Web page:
Even if the book was not a classic or written by a famous person, Harold couldn’t put it down. It seemed the Lord spoke to his heart as he was reading: “This is for you. It will be the key to your ministry in Brazil. Take this seriously.”
Before he rose from his chair, he determined to fast the next three days, which was Friday through Sunday. That Sunday night, Harold was scheduled to be the guest speaker at a Presbyterian church made up mostly of Americans working and living in Sao Paulo. When he returned from that service, he excitedly told Mary that he had never felt the anointing of the Holy Spirit on his preaching as he did that night. Mary suggested that it might have been his fasting and prayer. Harold knew that was it.
He told Mary that starting the next Monday he was going to fast for a week. She volunteered to join him. At the end of that fast, they observed that the anointing on their ministry increased. A few weeks later, they began and completed a 14-day fast. The effects were beyond imagination. He not only was empowered, but also he was surprised by a God-given comprehension of the Brazilian culture, along with ideas that could be put into effect immediately to help advance the upcoming revival.
I present this last story as an example of the lasting effect of the crusade that started in the late 1940s. Just recently I was talking with a bivocational pastor/international banker from Sao Paulo and his wife, Sueli, also a pastor. I was telling them of my interest in what I called the Williams Revival and what I had already written about the Williams Crusade, as I call it, in their city of Sao Paulo. I could see Sueli getting emotional.
She began to share her firsthand knowledge of her family’s experience with the Williams Revival. Long before Sueli was born, her grandmother developed a terminal illness and was expected to live only a short time. In her desperation, she visited a voodoo witch doctor, with no results. Then a friend invited her to the tent where, she was told, they prayed for the sick. The friend told her that many of her neighbors had been healed there.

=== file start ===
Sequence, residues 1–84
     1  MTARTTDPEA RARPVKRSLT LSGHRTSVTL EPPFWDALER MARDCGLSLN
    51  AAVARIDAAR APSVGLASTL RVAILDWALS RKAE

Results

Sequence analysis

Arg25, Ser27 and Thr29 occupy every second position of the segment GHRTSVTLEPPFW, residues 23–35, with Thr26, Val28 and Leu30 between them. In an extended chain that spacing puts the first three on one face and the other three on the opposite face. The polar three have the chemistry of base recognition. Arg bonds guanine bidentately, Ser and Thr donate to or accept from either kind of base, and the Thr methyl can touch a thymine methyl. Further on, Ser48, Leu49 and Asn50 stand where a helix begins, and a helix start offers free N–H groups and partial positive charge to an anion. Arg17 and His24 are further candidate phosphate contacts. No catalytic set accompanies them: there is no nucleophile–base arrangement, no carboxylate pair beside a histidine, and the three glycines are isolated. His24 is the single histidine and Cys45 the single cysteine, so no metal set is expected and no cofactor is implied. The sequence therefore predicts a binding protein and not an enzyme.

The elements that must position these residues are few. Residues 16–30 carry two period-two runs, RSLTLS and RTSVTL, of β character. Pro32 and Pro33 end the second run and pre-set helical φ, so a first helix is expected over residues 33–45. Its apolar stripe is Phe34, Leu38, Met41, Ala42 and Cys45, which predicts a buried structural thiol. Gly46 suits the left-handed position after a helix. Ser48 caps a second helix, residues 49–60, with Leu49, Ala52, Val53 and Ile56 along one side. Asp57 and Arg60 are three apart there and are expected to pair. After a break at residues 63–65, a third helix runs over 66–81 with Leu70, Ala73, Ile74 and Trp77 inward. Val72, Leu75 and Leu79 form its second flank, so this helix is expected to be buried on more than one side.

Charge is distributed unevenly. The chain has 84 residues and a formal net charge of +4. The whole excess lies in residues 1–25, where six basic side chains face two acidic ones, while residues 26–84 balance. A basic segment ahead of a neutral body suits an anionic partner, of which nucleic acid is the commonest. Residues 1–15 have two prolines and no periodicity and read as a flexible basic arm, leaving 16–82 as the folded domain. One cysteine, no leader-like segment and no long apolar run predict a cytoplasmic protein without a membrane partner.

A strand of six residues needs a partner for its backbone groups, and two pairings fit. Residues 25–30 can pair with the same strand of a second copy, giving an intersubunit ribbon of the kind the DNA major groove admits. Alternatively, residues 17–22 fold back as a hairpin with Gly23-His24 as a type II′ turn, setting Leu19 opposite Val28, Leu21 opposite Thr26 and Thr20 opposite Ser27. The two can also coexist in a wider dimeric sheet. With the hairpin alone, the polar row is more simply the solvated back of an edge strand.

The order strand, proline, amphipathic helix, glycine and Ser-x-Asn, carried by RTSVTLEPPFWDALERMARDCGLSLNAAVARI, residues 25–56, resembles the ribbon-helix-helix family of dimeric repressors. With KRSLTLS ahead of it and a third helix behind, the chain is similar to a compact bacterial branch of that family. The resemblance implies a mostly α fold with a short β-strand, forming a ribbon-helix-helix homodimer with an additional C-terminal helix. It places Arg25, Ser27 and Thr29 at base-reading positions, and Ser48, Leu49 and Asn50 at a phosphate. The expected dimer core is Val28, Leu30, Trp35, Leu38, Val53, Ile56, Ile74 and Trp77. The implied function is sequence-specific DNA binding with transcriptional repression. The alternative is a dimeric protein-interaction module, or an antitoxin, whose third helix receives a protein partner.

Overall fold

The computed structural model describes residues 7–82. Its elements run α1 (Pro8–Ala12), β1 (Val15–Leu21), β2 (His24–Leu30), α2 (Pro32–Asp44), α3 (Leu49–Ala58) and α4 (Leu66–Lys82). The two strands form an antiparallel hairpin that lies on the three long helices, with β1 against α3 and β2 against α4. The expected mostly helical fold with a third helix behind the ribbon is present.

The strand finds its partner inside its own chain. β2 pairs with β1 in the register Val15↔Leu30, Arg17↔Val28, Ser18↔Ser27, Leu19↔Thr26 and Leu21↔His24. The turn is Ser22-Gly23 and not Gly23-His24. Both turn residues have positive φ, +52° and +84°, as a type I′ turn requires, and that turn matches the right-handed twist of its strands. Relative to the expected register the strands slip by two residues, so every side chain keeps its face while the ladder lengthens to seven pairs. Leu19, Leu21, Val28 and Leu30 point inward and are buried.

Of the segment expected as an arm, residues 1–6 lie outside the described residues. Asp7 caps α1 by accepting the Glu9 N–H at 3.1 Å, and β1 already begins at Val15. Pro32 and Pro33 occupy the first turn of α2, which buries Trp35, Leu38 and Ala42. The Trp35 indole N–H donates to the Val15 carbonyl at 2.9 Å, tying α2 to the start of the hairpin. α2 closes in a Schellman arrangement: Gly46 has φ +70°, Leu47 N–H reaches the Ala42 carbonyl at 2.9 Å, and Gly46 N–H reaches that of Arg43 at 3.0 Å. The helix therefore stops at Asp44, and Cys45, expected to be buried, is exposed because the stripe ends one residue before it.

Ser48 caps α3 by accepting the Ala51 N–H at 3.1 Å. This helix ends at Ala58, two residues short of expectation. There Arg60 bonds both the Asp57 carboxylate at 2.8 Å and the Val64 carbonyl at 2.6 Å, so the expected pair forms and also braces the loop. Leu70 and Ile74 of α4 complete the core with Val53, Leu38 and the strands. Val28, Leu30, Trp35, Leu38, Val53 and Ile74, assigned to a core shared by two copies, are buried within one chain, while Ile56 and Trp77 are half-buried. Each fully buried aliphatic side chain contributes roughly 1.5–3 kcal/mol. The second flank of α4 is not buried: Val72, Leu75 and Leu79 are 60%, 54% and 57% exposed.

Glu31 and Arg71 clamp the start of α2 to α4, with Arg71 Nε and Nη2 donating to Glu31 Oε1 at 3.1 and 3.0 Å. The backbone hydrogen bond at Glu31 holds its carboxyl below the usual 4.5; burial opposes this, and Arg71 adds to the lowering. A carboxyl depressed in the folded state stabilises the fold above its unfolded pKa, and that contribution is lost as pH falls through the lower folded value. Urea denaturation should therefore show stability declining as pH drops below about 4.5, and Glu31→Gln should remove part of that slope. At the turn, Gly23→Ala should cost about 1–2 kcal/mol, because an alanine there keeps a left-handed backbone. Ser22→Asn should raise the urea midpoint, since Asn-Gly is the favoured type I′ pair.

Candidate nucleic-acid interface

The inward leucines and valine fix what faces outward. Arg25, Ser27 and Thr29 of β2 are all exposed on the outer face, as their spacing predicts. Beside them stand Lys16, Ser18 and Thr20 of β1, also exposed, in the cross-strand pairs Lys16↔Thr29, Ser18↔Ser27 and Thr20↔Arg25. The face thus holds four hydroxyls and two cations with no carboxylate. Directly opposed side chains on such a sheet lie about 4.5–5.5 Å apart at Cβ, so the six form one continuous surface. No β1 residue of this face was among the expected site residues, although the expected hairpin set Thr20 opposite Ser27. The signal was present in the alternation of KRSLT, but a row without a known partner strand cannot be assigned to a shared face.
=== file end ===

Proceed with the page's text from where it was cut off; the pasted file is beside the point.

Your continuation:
Sueli’s grandmother was reluctant but went despite the fierce objection of her religiously devout husband. In the course of the service, Harold Williams stopped the service and spoke to the audience: “There is a lady visiting tonight who has an illness near unto death. You have gone to a voodoo doctor in desperation, but you have come here tonight for healing. And you are being healed right at this moment.”
Her grandma knew that at that very moment she was miraculously, fully healed. She went on to live for many years, and ultimately her husband came to the Lord.
Now, three generations later, her granddaughter is a minister in the Brazilian church movement that was founded in the tent crusade in which her grandmother and grandfather came to Christ. The impact of that spiritual awakening has moved from one generation to another.
This is Part 3 of a three-part article series.
To read Part 1, Financial Provision, click here.
To read Part 2, Physical Healing and Angelic Intervention, click here.
By: Dr. Paul Risser, well-known for his pastor’s heart and love for people, is a former president of The Foursquare Church and a popular speaker who has traveled worldwide. This article is adapted from his new book, An Eye for Miracles: Be Surprised by the Hand of God, published by Foursquare Media, copyright 2010. Used by permission. This article may not be republished or redistributed in any form. An Eye for Miracles is available for purchase from Foursquare Media.